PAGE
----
A new version of the Android operating system is almost certainly in the works at Google, and is expected to make an appearance later this year - potentially at Google's I/O conference. Early reports suggest that although it may look a lot like Android 4.4 KitKat, it will streamline many of Google's integrated apps, change icon styles and gain several new features.
We're keeping an eye on all the latest Android 5 rumours and will be regularly updating this page as new information arrives.
Android 5.0 name
Google has referred to each version of Android by a sweet-flavoured codename based on increasing letters of the alphabet; the original 1.0 version was Apple Pie, followed by Banana bread, Cupcake and Donut as versions 1.1, 1.5 and 1.6. Version 2.0 introduced the world to Eclair, while 2.2 arrived as Froyo. Gingerbread referred to 2.3 and Honeycomb was 3.0, the first version designed with specific support for tablet devices. Android 4.0 was also known as Ice Cream Sandwich and versions 4.1, 4.2 and 4.3 were all known as Jelly Bean.
Google was expected to call Android 4.4 Key Lime Pie, but a tie-in with Nestle saw version 4.4 go by KitKat instead. That leaves the door open for other companies to jump on the bandwagon, with Liquorice Allsorts and Lion Bar being our two favourites, but as these are both UK-centric sweets it's possible Google will revert to a more generic name instead. Currently, lollipop, lemon meringue and Lime Pie are the three most popular rumours, but at the time of writing the official name is still unknown.
Indeed, it's possible we won't actually be seeing Android 5.0 any time soon; the next update could end up being a 4.5 point release rather than a brand new version.
Android 5.0 design
Google gave Android a new look with 4.4 KitKat, but avoided rolling it out to every device by making it specific to the Nexus 5 smartphone. The next version of Android is expected to go further, bringing changes to all devices. These changes could involve tweaks to the layout, design and appearance of the home screen, settings menus, pull-down notifications bar and app drawer, but so far we haven't seen much in the way of pre-release leaks.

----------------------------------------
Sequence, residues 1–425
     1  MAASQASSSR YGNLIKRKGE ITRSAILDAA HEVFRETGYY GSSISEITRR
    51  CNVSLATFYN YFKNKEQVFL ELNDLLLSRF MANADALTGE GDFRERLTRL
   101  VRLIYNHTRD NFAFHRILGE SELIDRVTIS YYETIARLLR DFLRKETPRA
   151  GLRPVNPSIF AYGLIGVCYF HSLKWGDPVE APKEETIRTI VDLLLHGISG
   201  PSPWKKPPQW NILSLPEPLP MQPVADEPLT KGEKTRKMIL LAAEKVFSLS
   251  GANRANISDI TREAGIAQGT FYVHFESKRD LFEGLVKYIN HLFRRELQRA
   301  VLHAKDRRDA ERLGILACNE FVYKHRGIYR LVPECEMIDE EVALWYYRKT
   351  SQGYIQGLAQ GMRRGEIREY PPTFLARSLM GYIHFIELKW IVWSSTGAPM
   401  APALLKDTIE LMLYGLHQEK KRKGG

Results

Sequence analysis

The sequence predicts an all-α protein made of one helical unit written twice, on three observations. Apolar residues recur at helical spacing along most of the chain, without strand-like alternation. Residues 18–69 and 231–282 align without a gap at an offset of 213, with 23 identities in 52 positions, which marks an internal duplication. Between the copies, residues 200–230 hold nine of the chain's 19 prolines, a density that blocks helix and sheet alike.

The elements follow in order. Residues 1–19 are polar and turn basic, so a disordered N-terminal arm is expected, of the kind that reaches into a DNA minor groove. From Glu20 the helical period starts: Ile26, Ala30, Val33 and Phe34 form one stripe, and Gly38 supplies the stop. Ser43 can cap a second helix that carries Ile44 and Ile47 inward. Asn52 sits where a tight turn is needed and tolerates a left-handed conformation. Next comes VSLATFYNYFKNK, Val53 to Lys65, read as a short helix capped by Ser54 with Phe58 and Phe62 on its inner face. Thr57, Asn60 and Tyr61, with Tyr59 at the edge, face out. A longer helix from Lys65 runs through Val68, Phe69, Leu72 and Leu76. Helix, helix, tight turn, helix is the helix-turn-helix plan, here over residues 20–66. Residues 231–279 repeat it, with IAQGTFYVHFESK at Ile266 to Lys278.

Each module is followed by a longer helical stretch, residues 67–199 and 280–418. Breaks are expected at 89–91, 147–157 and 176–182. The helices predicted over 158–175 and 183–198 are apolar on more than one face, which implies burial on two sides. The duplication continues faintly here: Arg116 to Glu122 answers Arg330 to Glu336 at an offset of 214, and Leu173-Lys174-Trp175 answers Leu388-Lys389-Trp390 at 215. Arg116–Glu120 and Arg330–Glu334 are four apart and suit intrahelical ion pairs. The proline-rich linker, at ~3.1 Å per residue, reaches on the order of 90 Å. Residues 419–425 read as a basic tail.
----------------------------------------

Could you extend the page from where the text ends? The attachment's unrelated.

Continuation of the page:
So far, there are new icons for Google Play Music, Books, Movies and Games, Calendar, People, Chrome, Maps, Google+, Gmail, Hangouts, Camera, YouTube and the Play Store. The images above and below show the current web icons on the left, current Android icons in the middle and proposed new icons on the right. They are significantly flatter and more closely follow Google's own guidelines for designing icons, which further solidifies the rumour.
A further leak came when Google accidentally tweeted a picture of a revised dialler app from one of its own official Android accounts, which ditches the dialler icon and replaces the grey menu bar with a blue one, although there's no matching dialler icon from the original leak to verify whether the colour matches. It certainly corresponds to existing apps, including the Keep note-taking app which has a yellow menu bar to match the yellow icon.
Android 5.0 64-bit compatibility
With Apple already supporting the 64-bit chips found in the latest iPad and iPhonewith a 64-bit build of iOS 7, it is widely expected that Google will update Android to support 64-bit processors in the next update in order to compete.
Both Qualcomm and Intel have already developed 64-bit systems-on-chip (SoC), but until Google adds 64-bit support to the operating system these new pieces of silicon won't be able to take advantage of their processing power.
64-bit chips and 64-bit operating systems are able to address more memory, meaning we could begin to see smartphones and tablets with 4GB or more RAM once Android supports it. Unfortunately, it could also mean fragmenting Android even further than it already is, as certain apps could be written to only work on a 64-bit device.
Android 5.0 release date
Although it's still far from certain, Android 5.0 is expected to arrive on the 25th of June - the same day as Google's I/O conference in San Francisco. It will likely launch alongside Android Wear, a customised version of the operating system designed specifically for wearables including the LG G Watch and Moto 360.